How to Successfully Ensure Just in Time Deliveries, And Why They Matter

The Stitch Blog

How to Successfully Ensure Just in Time Deliveries—And Why They Matter


The ‘Just in Time’ (JIT) business model is not new. These models might go by different names, such as ‘Lean’ or the original ‘Toyota Production System,’ but they’re still big news to supply chains. And those chains that truly want to be successful need to operate in accordance with this model.

What are Just in Time Deliveries?

Stepping back in time, business leaders would operate on a ‘Just in Case’ model. This meant holding stock and inventory in case it was needed, so that in the event of a peak in demand there was plenty of supply—a very rudimentary stock control system. There were a few costly problems with this. Notably, there is the cost of storing and holding on to inventory combined with the possibility of stock becoming obsolete.

In the modern marketplace, the risk of stock obsolescence is even higher. With continual advances in technology and an increasingly savvy and demanding consumer, very few products retain an unchanging nature with an even cycle of supply and demand.

This is where JIT comes in. With JIT there’s minimal stockpiling or holding on to parts or products in anticipation of demand. Instead, there is a rapid cascade response to demand all the way through the supply chain. No one is holding inventory, and goods are manufactured to order. 

What are the Benefits of Just in Time Deliveries?

The aim of JIT deliveries is simple: increase efficiency whilst reducing waste. Warehousing, stockpiling, and the like are effectively non-value-adding activities. JIT aims to eliminate these. With JIT you only receive parts, goods, or products as they are needed. Inventory costs can, therefore, decrease enormously.

With the successful implementation of JIT, production runs are shortened, warehouse storage requirements are eliminated, and overall there is less expenditure on raw materials. The knock on effects are more efficient use of working capital and a more holistic responsive system. As well as a maximizing of profit margins.

Looking at examples it is possible to see why JIT deliveries make sound economic success. Harley Davidson has not only increased productivity through JIT deliveries, but they reduced inventory levels by a staggering 75%. Even more, efficiency has boomed because problems could no longer be hidden in amongst a large, but costly, inventory. Problems had to be solved, driving greater efficiency.

Perhaps one of the greatest success stories of JIT is ZARA, the fashion retail giant. Worth an enormous $9.4 billion, they are definitely successful. The key behind this success is a JIT business strategy. Very little stock is held at any point in the supply chain. Instead, twice a week, individual store managers process orders. ZARA is an incredible four times more profitable than an average retailer largely thanks to its well-honed JIT business model.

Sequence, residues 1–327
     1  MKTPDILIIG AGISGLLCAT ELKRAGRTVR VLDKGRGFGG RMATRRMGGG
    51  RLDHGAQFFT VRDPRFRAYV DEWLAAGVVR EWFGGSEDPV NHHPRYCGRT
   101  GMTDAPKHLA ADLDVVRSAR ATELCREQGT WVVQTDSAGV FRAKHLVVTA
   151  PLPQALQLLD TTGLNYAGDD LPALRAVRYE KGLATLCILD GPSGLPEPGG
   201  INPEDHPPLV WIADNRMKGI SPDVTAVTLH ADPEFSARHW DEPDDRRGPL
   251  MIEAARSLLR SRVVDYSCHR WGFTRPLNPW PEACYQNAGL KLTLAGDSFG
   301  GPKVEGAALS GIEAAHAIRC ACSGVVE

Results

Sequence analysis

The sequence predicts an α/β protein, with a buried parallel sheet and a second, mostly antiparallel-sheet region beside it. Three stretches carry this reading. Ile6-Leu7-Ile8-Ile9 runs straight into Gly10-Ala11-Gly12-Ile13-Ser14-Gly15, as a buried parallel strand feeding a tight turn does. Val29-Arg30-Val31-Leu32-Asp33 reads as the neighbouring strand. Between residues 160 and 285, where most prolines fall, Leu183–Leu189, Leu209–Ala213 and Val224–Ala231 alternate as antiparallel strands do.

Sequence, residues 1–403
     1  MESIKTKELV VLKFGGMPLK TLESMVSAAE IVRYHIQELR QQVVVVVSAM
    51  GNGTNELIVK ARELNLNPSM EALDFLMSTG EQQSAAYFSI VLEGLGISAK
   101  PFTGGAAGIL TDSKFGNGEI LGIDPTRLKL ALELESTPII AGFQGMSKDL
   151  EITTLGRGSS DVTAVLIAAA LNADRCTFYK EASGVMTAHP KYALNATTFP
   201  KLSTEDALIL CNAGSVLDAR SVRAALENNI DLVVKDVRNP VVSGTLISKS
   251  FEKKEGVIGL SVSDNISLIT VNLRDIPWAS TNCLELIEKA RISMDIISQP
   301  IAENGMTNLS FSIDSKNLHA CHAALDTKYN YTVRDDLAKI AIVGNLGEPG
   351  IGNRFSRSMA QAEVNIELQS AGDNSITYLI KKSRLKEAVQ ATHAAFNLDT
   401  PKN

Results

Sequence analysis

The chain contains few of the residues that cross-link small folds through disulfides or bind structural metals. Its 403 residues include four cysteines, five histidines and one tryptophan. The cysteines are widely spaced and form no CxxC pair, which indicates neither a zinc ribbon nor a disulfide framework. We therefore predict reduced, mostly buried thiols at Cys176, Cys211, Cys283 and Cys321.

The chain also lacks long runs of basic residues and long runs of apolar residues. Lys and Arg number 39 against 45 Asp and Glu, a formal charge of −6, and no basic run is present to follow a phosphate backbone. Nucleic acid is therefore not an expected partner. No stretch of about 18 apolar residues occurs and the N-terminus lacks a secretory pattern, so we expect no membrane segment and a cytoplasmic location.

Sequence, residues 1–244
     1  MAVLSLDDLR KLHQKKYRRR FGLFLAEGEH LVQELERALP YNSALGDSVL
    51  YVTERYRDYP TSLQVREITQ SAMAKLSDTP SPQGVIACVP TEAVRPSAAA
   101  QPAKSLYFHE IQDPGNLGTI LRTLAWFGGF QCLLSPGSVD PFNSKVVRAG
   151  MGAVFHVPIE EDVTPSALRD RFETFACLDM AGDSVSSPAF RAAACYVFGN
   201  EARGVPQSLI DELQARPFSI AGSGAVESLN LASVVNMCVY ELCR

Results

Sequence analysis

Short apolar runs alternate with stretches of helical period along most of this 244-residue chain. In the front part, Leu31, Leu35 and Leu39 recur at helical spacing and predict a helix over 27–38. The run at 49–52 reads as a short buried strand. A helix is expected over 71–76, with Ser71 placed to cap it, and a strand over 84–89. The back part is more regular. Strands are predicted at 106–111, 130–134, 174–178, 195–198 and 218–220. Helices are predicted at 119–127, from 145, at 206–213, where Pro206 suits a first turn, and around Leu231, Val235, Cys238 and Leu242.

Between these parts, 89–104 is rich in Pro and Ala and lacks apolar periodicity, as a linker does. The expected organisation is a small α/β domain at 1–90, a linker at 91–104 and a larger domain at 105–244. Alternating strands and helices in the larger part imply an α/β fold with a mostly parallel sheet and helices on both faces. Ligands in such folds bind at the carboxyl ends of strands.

However,  get JIT wrong, and there are potentially devastatingly costly disruptions in the supply chain.

What Happens When Just in Time Deliveries Go Wrong?

Owing to the fact there is less ‘give’ in a JIT supply chain process, if something goes wrong it can be tricky to overcome and rapidly cascade into a major problem. Toyota, hailed as the founding father of JIT, discovered this when they experienced a fire in 1997 at their brake parts plant. It’s widely understood the situation could have been even more dire, but because there wasn’t a nice line of cars stacked up like a traffic jam ready for sale, Toyota lost $15 billion in revenue whilst they rallied around getting production of this one component part back in action.

Deeper Insights Needed

So JIT sounds good in theory, but how do businesses on the front line of supply chains actually ensure the system works and doesn’t end up causing problems or creating an inability to meet demand? Addressing the obvious issue of inflexibility and the consequences this can have for vulnerability in the case of sudden shifts in the market is key.

In short, for JIT to truly work you need a greater level of planning and insight. You need to not only understand sales trends, but you need to be able to scrutinize them in fine detail. JIT requires visibility into every link in the supply chain, and with that visibility you also need trust and collaboration at maximum levels.

JIT is impossible without this insight and analysis. The only way the insight and analysis are possible is through technology. Supply chains, by their very nature, can be unwieldy beasts. Technology, such as inventory management systems, are crucial to ensuring visibility in the supply chain and building a firm foundation for trust and collaboration, as well as an ability to be truly responsive.

Just in Time – Here to Stay

Just in Time has been one of the biggest changes to supply chain business models over the last 50+ years, and it is here to stay. With modern technology, JIT is more possible, safer, and less exposed to the risks of yesteryear. A thriving modern business needs to embrace this and therefore benefit from the increased efficiencies and thus, profit.

Matthew Murray

Managing Director at Notable
Matthew Murray is the Managing Director of Notable, a business solutions firm based in Singapore. Notable gets companies established in Singapore and matches them with clients looking for their services.

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